New type of urbanization is in the details
Updated: 2014-05-14 07:36
By Zhu Yuan (China Daily)
A Chinese translation of Allen B Jacobs' The Good City - Reflections and Imaginations was published in January. That its publication coincides with the release of the Chinese government's new urbanization plan is timely, as it poses the question what a good city should be like.
One of the world's best known planners and urban design practitioners, the writer contends that cities should be places where people can be fulfilled and where they can fulfill their potential. They should be places where there is freedom, love, ideas, excitement, quietness and joy.
His book would be a good read for China's urban planners and local leaders, whose perception of a good city will have a strong bearing on the future of this country's new urbanization, which is expected to turn about 100 million rural villagers into urban dwellers in the coming six years.
Oscar Wilde said that society exists only as a mental concept, in the real world there are only individuals. China's new urbanization should let the majority of individuals benefit from the urbanization process.
In fact, there is only one criterion about whether a city will be good or not when the country's new urbanization process is complete by the year 2020, and that is whether the new urban dwellers enjoy their lives in the city they live in.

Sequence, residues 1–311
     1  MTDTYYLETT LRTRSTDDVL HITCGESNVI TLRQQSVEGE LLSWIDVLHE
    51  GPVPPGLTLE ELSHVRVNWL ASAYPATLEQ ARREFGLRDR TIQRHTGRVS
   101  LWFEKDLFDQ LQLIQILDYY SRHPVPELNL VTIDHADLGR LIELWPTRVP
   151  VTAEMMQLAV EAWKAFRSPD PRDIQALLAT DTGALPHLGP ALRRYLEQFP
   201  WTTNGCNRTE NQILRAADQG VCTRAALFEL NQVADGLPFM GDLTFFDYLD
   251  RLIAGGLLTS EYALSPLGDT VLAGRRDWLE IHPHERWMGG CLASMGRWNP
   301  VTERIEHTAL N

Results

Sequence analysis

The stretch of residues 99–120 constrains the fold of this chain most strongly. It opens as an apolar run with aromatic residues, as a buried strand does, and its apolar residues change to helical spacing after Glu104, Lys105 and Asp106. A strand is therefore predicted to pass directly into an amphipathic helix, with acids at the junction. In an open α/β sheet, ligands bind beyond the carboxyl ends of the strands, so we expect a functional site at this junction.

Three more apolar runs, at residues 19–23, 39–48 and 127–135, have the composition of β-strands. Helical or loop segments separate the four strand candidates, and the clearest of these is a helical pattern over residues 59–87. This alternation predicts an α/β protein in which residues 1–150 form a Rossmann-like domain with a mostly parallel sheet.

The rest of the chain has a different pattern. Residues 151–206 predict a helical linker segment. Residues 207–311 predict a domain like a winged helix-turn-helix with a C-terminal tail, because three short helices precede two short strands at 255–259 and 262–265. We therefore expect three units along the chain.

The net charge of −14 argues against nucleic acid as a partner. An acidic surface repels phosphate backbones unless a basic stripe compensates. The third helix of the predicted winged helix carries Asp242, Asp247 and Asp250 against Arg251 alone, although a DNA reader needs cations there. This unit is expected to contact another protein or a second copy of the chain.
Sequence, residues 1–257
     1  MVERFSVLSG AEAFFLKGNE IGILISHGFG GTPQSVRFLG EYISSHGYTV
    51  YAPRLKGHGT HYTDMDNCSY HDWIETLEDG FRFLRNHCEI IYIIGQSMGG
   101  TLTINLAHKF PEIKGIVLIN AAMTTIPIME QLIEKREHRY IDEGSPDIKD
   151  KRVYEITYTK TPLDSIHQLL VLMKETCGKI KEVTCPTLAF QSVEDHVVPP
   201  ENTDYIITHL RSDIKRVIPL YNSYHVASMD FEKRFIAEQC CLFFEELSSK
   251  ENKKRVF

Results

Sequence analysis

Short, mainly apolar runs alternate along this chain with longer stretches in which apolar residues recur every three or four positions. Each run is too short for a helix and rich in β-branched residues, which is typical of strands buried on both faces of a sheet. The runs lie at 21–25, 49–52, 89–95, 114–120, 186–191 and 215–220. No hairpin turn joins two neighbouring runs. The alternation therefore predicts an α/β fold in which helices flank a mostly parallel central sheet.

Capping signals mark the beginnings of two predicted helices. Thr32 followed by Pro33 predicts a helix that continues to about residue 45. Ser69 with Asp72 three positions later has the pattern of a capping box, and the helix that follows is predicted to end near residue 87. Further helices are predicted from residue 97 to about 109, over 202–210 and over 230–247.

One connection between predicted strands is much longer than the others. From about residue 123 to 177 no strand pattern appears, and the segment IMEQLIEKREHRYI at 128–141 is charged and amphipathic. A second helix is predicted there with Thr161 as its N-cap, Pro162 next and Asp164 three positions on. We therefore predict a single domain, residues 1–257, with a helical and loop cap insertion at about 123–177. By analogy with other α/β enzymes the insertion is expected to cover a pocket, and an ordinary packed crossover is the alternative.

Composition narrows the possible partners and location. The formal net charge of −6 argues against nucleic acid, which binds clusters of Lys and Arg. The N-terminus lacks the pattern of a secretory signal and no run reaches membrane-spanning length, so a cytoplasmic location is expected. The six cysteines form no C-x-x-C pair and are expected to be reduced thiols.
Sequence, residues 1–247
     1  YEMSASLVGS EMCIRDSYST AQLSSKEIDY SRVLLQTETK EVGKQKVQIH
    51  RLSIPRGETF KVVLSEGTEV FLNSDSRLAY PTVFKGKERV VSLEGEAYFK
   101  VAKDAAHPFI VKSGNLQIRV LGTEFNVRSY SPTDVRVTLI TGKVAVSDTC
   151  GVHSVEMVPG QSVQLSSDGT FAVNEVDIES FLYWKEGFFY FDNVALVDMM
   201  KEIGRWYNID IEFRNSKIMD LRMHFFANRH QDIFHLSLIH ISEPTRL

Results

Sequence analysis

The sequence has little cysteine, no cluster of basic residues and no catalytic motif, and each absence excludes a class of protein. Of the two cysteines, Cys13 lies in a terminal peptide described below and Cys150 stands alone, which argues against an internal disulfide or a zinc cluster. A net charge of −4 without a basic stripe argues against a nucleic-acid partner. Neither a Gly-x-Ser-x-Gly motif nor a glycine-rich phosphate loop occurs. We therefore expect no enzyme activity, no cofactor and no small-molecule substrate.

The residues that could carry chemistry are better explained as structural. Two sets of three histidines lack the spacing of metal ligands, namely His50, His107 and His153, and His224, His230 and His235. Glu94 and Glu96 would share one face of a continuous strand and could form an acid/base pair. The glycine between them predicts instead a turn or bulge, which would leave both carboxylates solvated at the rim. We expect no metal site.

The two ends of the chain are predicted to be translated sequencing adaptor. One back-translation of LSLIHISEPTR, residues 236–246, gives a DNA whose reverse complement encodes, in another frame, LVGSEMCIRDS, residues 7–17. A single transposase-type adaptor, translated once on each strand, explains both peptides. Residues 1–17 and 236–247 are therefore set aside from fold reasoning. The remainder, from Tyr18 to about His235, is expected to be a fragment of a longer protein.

I do not doubt the ability of China's local leaders and urban designers to make magnificent plans for urban development. Neither do I challenge their capability to conceive skyscrapers and huge squares and other landmark structures.
What I worry about is the lack of attention to some seemingly small things that will greatly compromise the quality of life for urban dwellers in the long run.
Drainage systems, for example, have long been a headache for cities such as Beijing and almost all the provincial capitals. These poorly designed systems paralyze traffic whenever there is a rainstorm, and most of the systems discharge sewage directly into waterways in the vicinity of these cities resulting in water and soil pollution.
Garbage classification and disposal is another issue that poses a serious threat to the healthy develop-ment of many Chinese cities, including the capital, where only a small percentage of garbage is classified and less than 70 percent of waste is reportedly disposed of in the manner that has no negative impact on the environment.